Three Marks of Existence
Though the first sermon emphasizes dukkha, this is in fact only one of three related characteristics or ‘marks’ of the five khandhas. These fundamental ‘three marks’ (ti-lakkhana, Skt tri-laksana) of all conditioned phenomena are that they are impermanent (anicca, Skt anitya), painful (dukkha, Skt duhkha), and non-Self (anatta, Skt anatman).(S.III.44-5; S.IV.46-7; S.IV.133-5)
Buddhism emphasizes that change and impermanence are fundamental features of everything, bar Nirvana. Mountains wear down, material goods wear out or are lost or stolen, and all beings, even gods, age and die (M.II.65–82; BW.207–13; EB.3.2.1).
The gross form of the body changes relatively slowly, but the matter which composes it is replaced as one eats, excretes and sheds skin cells. As regards the mind, character patterns may be relatively persistent, but feelings, moods, ideas, etc. can be observed to constantly change.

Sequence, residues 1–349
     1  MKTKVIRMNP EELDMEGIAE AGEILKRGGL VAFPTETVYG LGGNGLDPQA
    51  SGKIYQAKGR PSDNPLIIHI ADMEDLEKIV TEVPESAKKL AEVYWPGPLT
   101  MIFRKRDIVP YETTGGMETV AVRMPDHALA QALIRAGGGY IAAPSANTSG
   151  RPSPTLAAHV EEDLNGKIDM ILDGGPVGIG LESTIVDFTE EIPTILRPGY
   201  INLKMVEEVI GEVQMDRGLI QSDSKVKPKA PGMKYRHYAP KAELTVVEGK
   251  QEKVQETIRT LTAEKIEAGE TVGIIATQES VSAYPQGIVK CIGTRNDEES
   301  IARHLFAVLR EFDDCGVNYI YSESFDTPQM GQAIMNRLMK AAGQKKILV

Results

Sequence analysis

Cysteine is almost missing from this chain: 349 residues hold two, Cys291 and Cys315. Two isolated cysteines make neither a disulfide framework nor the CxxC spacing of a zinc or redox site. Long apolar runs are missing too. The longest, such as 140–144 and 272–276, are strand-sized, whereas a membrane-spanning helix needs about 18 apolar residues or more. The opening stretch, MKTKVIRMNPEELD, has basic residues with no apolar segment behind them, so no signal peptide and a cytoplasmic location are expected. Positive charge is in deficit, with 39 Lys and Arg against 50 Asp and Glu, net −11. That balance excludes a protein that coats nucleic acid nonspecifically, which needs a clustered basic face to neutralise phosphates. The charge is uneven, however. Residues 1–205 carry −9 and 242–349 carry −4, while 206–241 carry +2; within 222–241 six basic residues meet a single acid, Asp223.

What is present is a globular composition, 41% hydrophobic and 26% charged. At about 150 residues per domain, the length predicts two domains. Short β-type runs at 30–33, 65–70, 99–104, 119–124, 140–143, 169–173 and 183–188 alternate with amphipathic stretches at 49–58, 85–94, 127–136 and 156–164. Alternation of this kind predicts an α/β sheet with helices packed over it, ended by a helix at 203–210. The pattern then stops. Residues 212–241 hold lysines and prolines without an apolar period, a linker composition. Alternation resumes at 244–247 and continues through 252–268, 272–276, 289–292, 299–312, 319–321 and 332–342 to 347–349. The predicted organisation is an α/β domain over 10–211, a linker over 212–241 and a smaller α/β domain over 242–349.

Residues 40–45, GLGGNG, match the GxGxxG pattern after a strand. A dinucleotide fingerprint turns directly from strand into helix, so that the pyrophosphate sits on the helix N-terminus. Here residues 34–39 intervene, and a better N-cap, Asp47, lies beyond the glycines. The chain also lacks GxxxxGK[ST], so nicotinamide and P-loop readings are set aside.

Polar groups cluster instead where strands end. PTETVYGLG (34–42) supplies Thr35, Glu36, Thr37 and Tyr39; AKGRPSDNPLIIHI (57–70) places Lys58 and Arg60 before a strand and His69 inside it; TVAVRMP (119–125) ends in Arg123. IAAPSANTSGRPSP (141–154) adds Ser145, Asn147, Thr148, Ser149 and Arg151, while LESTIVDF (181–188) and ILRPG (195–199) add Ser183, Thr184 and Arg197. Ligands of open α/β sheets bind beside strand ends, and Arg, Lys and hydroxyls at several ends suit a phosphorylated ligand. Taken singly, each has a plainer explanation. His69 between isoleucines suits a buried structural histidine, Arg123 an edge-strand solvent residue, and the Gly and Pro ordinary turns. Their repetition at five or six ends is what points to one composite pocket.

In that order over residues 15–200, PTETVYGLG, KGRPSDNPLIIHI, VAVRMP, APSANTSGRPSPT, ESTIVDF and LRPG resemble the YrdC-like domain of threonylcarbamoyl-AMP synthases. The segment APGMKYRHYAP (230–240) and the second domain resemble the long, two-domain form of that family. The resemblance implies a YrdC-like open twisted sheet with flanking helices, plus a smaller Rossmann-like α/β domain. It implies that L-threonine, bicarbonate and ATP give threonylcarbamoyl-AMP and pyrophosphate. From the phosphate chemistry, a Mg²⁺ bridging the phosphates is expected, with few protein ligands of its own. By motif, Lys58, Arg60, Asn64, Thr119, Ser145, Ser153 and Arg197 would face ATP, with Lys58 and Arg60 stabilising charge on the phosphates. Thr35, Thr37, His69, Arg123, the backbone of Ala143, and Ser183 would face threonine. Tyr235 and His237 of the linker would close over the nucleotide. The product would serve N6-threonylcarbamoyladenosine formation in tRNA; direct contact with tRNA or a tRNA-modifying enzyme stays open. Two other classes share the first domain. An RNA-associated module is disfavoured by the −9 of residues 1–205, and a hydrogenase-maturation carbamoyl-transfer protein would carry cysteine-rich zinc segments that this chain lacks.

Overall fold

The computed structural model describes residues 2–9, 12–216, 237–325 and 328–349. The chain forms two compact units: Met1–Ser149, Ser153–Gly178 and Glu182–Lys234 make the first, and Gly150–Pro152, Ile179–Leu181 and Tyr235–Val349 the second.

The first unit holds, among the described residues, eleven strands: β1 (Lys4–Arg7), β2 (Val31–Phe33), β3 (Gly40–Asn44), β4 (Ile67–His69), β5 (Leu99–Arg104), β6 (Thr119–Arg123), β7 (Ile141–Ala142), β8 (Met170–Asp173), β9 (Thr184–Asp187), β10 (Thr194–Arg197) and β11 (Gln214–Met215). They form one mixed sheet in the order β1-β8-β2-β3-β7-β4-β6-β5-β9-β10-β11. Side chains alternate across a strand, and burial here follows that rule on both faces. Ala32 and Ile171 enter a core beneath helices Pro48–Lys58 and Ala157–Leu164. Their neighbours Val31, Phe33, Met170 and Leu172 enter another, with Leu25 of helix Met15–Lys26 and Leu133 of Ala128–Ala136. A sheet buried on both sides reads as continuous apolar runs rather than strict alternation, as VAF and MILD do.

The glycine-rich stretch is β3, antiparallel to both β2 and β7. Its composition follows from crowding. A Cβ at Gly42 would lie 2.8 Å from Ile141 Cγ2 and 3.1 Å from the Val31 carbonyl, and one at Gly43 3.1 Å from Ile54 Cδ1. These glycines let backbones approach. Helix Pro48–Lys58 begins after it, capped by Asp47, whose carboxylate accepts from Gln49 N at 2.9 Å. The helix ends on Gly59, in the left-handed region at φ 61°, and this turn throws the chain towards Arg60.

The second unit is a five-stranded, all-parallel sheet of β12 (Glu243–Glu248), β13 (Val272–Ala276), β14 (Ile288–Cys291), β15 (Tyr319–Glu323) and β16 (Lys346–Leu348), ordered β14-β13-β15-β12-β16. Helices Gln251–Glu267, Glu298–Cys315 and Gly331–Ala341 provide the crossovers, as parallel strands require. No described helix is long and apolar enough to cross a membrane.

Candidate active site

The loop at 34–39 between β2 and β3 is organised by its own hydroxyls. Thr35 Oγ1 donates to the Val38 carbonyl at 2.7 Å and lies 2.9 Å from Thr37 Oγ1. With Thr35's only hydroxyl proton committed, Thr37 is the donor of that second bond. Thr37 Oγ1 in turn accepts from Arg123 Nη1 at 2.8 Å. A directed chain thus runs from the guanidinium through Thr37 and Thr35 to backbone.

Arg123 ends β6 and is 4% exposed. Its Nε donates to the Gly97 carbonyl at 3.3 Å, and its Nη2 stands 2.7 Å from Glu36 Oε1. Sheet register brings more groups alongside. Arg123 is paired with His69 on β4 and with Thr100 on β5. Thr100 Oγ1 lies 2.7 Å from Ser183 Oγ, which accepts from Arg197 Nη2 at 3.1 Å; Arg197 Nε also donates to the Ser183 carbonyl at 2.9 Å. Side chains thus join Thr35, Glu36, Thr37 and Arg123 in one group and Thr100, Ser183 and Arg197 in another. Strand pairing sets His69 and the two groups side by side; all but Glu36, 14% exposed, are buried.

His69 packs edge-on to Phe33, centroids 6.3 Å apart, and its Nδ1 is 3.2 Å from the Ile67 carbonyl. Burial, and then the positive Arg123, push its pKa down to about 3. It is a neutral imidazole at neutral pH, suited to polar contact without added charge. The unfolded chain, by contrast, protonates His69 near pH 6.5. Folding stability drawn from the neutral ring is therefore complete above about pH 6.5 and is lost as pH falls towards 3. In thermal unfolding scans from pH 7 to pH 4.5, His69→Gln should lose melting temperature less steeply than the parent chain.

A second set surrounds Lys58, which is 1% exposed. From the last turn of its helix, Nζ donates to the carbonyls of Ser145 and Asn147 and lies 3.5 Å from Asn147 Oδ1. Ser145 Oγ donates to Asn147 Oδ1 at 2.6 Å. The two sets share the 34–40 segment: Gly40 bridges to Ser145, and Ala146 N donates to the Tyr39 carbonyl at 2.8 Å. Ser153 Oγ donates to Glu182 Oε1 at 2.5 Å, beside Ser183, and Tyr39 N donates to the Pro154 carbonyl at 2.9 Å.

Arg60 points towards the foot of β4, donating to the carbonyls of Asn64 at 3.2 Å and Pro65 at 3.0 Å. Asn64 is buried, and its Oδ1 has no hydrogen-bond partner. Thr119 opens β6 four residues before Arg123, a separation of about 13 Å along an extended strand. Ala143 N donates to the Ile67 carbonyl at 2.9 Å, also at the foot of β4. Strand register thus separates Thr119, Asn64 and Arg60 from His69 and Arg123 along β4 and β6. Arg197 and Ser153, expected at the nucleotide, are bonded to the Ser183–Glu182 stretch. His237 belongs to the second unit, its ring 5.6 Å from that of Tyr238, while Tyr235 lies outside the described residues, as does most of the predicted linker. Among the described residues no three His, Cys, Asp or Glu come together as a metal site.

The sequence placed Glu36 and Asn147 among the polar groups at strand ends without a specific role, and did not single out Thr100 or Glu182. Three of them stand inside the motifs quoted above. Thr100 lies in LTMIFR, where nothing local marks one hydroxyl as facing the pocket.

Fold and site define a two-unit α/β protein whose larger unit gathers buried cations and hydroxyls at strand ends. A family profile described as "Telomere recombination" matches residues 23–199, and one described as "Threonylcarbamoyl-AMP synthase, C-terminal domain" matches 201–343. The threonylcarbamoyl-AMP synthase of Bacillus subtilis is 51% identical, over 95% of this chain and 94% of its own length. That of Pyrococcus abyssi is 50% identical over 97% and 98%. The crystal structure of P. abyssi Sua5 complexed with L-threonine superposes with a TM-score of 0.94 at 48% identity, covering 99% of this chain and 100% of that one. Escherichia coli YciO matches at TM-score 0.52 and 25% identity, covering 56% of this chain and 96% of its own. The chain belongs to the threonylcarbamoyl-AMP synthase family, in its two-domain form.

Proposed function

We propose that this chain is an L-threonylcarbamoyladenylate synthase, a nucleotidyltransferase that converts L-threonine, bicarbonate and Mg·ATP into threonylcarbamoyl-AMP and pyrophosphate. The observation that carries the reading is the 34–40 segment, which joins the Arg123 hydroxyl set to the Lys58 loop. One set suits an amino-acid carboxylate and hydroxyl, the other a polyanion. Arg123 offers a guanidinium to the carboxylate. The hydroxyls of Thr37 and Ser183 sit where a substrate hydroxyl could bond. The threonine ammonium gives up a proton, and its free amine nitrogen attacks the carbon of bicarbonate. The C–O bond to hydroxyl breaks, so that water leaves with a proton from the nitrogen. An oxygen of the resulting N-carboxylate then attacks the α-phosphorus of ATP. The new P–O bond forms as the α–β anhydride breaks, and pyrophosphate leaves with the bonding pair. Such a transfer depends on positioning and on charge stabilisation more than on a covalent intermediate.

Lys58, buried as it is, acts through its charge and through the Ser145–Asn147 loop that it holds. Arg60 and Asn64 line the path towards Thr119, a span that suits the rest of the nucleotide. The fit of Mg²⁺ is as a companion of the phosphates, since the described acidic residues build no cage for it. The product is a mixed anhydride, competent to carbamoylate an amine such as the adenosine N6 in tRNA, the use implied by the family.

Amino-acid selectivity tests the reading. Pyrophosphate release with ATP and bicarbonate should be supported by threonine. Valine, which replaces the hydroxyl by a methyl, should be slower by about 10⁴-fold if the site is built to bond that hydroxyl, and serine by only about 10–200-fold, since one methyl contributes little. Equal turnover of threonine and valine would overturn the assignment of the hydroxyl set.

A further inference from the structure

The ephemeral and deceptive nature of the khandhas is expressed in a passage which says that they are ‘devoid, hollow’ as: ‘Material form is like a lump of foam, and feeling is like a bubble; perception is like a mirage, and the constructing activities are like a banana tree [lacking a core, like an onion]; consciousness is like a [magician’s] illusion’ (S.III.142; BW.343–5; SB.220–2).
It is because of the fact that things are impermanent that they are also dukkha. Because they are impermanent and in some sense painful, moreover, they are to be seen as anatta, non-Self. When something is said to be anatta, the kind of ‘self’ it is seen not to be is clearly one that would be permanent and free from all pain, however subtle – so as to be happy, self-secure, independent. While Pali and Sanskrit do not have capital letters, in English it is useful to signal such a concept with a capital: Self . . .
The important teaching on this was introduced by the Buddha in his second sermon, the Anatta-lakkhana Sutta (Vin.I.13–14; S.III.66–8; BS.I.118; BW.341– 2). Here he explained, with respect to each of the five khandhas, that if it were truly Self, it would not ‘tend to sickness’, and it would be totally controllable at will, which it is not. Moreover, as each khandha is impermanent, dukkha and of a nature to change, it is inappropriate to consider it as ‘This is mine, this am I, this is my Self’.
Source: Excerpted, with minor edits, from Harvey, P. (2013) An introduction to Buddhism: teachings, history and practices. 2nd edn. Cambridge: Cambridge University Press. (Pages 57-58.)
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